Monday, August 27, 2007

As American As ... Nigella Lawson's Rum-soaked Banana Bread

There are a couple of grocery staples that we as 'average' Estonians would most certainly pick up on our typical supermarket trip. Some rye bread (unless I'm baking my own), a carton of milk, some yogurt for breakfast and curd cheese for baking, a bag or two of sour cream. And a bunch of bananas. Yep. More often than not, K. and I throw a bunch of bananas into our shopping basket, as they're a useful standby if hunger pangs hit. Of course, now being late summer, we've got the first of local summer apples - Suislepp, Valge Klaar, Sõstraroosa - that are much better for that purpose. But I guess we're creatures of habit, so occasionally - and absent-mindedly - bananas still appear in our shopping basket and on our countertop, only to wilt there slowly while we're eating apples and plums that are in season just now..

That's exactly what happened last week, and that's why I was baking a banana bread in the heat of the summer. The recipe is from my favourite Nigella book, How to Be a Domestic Goddess: Baking and the Art of Comfort Cooking; she has adapted the recipe from Jim Fobel's book Old-Fashioned Baking Book: Recipes from an American Childhood. How does this compare with your favourite banana bread, I wonder? Is this a typical American banana bread recipe, as Jim Fobel & Nigella Lawson suggest?

Nigella Lawson's Rum-soaked Banana Bread
(Nigella Lawsoni rummihõnguline banaanikeeks)
Nigella's recipe is available here, below is my adapted version.
Serves 10



100 g sultanas
75 g dark rum
175 g plain flour
2 tsp baking powder
0.5 tsp baking soda
0.5 tsp salt
125 g unsalted butter, melted
150 g sugar
2 large eggs
4 small very ripe bananas (about 300 g peeled weight)
60 g walnuts, coarsely chopped
1 tsp vanilla extract

Put the sultanas and rum in a small bowl and soak for about an hour.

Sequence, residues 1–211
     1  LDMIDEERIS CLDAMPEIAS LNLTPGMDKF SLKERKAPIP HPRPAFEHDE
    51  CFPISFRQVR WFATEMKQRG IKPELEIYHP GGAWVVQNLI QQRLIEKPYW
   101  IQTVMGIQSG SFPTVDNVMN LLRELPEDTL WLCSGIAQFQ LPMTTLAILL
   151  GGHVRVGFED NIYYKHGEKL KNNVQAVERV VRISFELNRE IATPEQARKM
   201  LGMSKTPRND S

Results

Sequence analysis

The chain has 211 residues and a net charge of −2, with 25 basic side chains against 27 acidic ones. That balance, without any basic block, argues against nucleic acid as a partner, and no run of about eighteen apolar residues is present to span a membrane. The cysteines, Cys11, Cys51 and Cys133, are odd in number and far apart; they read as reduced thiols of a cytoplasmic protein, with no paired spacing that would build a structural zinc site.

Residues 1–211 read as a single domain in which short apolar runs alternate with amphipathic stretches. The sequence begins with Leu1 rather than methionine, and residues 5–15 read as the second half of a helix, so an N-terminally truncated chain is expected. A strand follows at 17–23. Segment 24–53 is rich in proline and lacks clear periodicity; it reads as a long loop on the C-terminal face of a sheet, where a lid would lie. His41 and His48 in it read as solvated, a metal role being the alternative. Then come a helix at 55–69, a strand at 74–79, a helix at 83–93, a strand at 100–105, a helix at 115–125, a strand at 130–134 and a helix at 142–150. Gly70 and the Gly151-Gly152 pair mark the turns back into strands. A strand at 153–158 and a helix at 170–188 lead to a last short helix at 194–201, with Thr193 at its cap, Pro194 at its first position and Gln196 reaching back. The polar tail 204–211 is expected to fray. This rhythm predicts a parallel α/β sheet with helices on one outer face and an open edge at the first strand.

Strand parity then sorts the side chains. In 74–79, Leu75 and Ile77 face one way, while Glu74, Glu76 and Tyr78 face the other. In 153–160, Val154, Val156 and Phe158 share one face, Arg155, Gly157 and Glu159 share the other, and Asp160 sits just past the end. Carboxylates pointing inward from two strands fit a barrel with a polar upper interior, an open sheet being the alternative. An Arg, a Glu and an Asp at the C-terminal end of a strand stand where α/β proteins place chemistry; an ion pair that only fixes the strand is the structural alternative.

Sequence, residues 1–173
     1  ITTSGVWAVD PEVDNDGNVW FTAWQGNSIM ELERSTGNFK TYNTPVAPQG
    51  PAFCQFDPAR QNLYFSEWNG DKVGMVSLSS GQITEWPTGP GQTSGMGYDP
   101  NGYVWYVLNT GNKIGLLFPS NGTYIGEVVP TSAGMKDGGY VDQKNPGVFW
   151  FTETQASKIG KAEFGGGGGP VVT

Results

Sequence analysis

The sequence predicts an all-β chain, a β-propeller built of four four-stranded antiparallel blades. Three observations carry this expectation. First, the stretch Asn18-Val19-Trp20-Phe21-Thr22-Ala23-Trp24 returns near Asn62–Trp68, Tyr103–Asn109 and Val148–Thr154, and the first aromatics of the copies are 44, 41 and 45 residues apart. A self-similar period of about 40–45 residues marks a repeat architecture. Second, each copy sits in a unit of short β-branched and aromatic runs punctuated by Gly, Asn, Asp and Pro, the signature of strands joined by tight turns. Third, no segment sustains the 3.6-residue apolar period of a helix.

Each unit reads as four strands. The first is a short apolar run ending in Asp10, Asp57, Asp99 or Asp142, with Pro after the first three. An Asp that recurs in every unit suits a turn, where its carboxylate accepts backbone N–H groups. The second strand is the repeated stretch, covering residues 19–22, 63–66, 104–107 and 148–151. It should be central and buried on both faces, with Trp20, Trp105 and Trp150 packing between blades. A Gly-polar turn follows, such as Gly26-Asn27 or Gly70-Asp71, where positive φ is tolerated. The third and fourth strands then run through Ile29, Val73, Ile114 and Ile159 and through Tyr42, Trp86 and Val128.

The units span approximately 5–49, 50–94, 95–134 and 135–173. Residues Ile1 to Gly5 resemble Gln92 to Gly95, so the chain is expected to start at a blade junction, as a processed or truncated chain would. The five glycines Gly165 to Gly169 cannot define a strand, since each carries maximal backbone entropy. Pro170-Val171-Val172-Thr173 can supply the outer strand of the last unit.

Combine the flour, baking powder, baking soda and salt in a medium-sized bowl.
In a large bowl, mix the melted butter and sugar and beat until blended (I used my KitchenAid mixer for this). Beat in the eggs one at a time, then the mashed bananas.
Stir in the walnuts, rum-soaked sultanas (including rum) and vanilla extract. Add the flour mixture, a third at a time, stirring well after each bit.
Scrape into the loaf tin and bake in the middle of a pre-heated 180ºC oven for about 1 hour, until an inserted toothpick comes out cleanish.
Leave in the tin on a rack to cool, and eat thickly or thinly sliced, as you prefer.

14 comments:

K & S said...

ooh, I've never baked banana bread with rum before, sounds delicious!

lobstersquad said...

I buy the bananas on purpose, just to make this, and have to stpo myself from eating them before they´re black and ready. It´s so delicious.

Patricia Scarpin said...

Pille, I have that book but haven't cooked much from it.
This banana bread looks delicious!
We as a nation love bananas.

Lydia said...

I don't know if this is a typical American banana bread, but it's unlike what I usually make (no rum, no raisins). Looks delicious, though!

Melissa said...

Hmm, I agree with Lydia - I've never run across a banana bread that includes raisins and rum. Many do have nuts, though, and I used to make a delicious one with coconut. As for the texture, was it moist and quite heavy?